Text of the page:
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Cambodia already lost $1.5 billion (10% of GDP) in 2015 from the negative effects of climate change (ADB, 2016). Flooding has a serious impact on agriculture in the cropping and livestock sectors. Analysts predict that, in 2050 climate change would affect 7 million Cambodians employed in the agriculture sector (Talberth & Reytar, 2014).
Majority of Cambodians (82%) are rural smallholder farmers. These farmers, especially women and other vulnerable groups, will struggle to cope with the impacts of climate change (CDRI, 2013). Their agricultural practices mainly depend on rainwater that would be difficult in dry season, especially vegetable gardens. A small piece of land around their back yard is left as a fallow without effective use for more productivity. In addition, the practices of farming and gardening of smallholders in rural areas lack the proper techniques to deal with the current climate change in Cambodia.
It is clear that there is a pressing need to tackle the issue of climate change in Cambodia, and Livestock Development for Community Livelihood Organization (LDC) has the solution for this.
At LDC, we aim to address the issue of climate change in Cambodia. The Cricket Farming & Chaya Gardening Project is our solution to the specific challenge of Climate Change Adaptation and Resilience (CCar) to reduce livelihood vulnerability of the rural poor.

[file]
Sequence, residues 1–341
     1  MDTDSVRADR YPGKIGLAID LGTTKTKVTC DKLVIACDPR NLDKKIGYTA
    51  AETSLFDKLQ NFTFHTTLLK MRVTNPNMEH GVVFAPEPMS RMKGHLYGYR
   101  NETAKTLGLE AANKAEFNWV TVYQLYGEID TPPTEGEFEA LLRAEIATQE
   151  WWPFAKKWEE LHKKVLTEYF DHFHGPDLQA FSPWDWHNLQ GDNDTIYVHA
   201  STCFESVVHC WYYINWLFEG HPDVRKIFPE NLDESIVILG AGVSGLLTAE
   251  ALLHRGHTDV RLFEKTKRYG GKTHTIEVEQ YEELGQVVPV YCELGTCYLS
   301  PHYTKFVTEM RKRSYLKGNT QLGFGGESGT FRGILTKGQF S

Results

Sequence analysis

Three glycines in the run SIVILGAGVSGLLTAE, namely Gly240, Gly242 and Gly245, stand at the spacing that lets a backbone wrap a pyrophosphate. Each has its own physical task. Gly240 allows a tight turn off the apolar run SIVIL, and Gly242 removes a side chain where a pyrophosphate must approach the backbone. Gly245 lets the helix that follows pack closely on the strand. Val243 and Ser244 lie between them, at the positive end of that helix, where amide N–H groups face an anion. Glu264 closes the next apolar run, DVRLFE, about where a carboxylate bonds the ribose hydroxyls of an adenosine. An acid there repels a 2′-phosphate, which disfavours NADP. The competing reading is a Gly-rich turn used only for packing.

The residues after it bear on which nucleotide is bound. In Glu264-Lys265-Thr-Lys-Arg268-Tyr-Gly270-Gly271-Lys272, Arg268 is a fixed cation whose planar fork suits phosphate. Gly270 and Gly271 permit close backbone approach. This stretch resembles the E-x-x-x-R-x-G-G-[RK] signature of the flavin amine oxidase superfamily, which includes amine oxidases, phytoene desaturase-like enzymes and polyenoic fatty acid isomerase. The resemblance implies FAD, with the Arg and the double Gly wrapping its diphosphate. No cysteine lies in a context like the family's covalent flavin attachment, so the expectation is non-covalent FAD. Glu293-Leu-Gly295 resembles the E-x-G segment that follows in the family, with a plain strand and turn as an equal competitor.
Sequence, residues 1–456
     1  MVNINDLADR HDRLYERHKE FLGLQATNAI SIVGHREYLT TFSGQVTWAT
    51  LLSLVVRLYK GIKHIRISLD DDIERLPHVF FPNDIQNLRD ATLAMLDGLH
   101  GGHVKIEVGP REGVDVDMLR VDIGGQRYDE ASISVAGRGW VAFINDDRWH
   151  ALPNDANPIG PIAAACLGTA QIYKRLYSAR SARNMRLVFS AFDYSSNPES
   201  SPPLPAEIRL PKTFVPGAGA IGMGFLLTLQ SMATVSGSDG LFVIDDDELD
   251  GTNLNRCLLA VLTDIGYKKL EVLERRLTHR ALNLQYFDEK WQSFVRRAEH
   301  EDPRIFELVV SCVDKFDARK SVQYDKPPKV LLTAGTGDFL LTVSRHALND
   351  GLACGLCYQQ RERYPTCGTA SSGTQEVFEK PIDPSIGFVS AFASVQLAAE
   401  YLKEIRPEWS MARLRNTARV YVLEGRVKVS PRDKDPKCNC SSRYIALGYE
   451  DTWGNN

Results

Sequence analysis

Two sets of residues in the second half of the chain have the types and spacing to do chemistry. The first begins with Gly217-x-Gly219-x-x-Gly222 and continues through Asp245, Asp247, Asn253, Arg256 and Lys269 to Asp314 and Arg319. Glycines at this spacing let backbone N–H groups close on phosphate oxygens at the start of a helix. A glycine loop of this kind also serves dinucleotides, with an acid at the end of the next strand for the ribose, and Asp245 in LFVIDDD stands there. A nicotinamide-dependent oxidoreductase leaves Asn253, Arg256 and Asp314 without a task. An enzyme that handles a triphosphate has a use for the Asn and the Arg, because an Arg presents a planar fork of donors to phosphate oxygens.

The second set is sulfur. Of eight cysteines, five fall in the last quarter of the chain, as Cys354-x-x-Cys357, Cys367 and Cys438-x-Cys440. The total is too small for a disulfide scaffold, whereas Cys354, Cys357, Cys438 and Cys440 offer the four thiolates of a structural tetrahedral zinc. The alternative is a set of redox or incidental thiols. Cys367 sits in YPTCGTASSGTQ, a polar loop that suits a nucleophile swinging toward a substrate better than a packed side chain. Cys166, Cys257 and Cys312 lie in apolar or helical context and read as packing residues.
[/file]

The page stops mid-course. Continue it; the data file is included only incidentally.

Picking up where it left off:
The project is to provide stallholder farmers job opportunities and constantly cash their income by establishing cricket farming and chaya gardening. Cricket farming is a short production cycle within 40 days, while Chaya can be harvested after 3 months of planting, and can be continued to harvest within every 45 days cycle. Through a simple technology of cricket pen, cricket farming would help in mitigating the impacts of climate change in order to build farmers’ resilience. A cricket pen is designed for use on land and by floating on water in case the target area is flooding. This design allows farmers rear cricket without any damages during the flood. Farmers can grow Chaya along the fence of their house or on any piece of their fallow land. Chaya is tolerant to long periods of drought in dry season and requires less water for surviving.
For more information on our solution, do refer to our Slide Deck.